Using the fast-paced sport of table tennis as a case study, a University of South Australia study assessed the table tennis abilities of 57 everyday participants over a series of pre and post-training performance measures. It found that skills substantially improved for all participants who engaged in VR training.

The research is one of the first studies to investigate the transfer of sports skills from simulated to real environments using a head-mounted display.

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With VR game, Eleven: Table Tennis and HTC Vive head-mounted displays, players competed against a virtual opponent, moving and responding to incoming stimuli, while receiving haptic, auditory and performance feedback in a 360-degree simulated environment. Results were compared with a control group that did not receive any training throughout the intervention.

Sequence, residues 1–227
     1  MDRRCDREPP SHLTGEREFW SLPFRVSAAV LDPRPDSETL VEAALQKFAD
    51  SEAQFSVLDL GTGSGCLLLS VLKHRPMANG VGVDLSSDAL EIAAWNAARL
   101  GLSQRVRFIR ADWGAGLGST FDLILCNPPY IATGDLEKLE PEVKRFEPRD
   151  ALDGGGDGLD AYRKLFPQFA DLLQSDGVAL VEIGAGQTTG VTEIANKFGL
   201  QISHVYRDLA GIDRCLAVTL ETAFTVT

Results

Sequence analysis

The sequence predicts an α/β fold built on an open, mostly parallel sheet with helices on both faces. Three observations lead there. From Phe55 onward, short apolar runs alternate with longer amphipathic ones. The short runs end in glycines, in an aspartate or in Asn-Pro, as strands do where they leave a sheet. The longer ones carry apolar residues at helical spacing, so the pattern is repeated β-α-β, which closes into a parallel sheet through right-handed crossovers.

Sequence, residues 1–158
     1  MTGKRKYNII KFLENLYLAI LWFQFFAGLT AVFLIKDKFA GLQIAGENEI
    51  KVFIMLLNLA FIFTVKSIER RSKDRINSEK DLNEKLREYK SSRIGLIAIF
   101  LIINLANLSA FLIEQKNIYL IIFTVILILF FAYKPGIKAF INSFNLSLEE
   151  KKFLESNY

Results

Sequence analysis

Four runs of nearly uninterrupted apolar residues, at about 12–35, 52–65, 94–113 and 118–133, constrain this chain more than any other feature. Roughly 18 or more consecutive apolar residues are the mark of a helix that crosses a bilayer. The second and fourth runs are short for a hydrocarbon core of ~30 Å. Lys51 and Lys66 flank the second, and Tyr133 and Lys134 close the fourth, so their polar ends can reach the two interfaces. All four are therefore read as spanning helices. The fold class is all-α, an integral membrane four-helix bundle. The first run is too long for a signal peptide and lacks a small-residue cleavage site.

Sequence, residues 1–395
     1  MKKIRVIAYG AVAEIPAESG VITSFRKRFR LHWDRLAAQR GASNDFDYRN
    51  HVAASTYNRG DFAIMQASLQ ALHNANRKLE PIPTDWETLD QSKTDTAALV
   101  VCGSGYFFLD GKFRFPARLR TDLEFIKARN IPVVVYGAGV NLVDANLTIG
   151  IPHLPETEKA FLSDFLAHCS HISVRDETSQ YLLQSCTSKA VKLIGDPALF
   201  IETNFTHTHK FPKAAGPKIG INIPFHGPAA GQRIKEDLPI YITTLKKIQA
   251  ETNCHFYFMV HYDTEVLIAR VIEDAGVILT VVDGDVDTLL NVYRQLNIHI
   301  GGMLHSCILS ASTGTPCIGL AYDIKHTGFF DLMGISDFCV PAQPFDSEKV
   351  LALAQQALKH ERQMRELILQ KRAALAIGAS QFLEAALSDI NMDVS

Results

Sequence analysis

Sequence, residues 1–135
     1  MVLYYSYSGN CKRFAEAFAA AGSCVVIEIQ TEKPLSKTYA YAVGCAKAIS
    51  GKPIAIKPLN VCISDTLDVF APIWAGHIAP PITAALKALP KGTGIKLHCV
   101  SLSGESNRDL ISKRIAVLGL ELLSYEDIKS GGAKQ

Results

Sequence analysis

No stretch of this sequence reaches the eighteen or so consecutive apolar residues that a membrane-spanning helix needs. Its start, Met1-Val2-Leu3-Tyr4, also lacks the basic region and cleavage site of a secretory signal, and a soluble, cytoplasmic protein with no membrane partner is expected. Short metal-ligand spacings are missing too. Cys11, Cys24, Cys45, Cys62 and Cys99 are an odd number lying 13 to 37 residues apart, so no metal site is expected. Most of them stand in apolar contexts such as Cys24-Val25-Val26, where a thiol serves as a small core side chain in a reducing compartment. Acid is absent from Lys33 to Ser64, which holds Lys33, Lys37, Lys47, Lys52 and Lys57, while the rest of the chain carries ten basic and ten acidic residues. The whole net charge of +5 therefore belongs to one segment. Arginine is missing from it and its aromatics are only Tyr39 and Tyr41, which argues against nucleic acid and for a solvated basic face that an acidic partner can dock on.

By nature, table tennis is a sport which requires players to respond in a continually changing, unpredictable and externally-paced environment. It demands flexibility in visual attention, quick decision-making and fast interceptive actions in response to an interactive opponent, making it an effective test sport for VR training.

Lead researchers, UniSA’s Stefan Michalski and Dr Ancret Szpak, say the findings demonstrate the viability and versatility of VR in contemporary society.

“Using VR as a training tool is becoming increasingly popular,” Dr Szpak says. “It’s regularly used by surgeons and pilots to hone their skills and techniques in a safe and controlled environment.”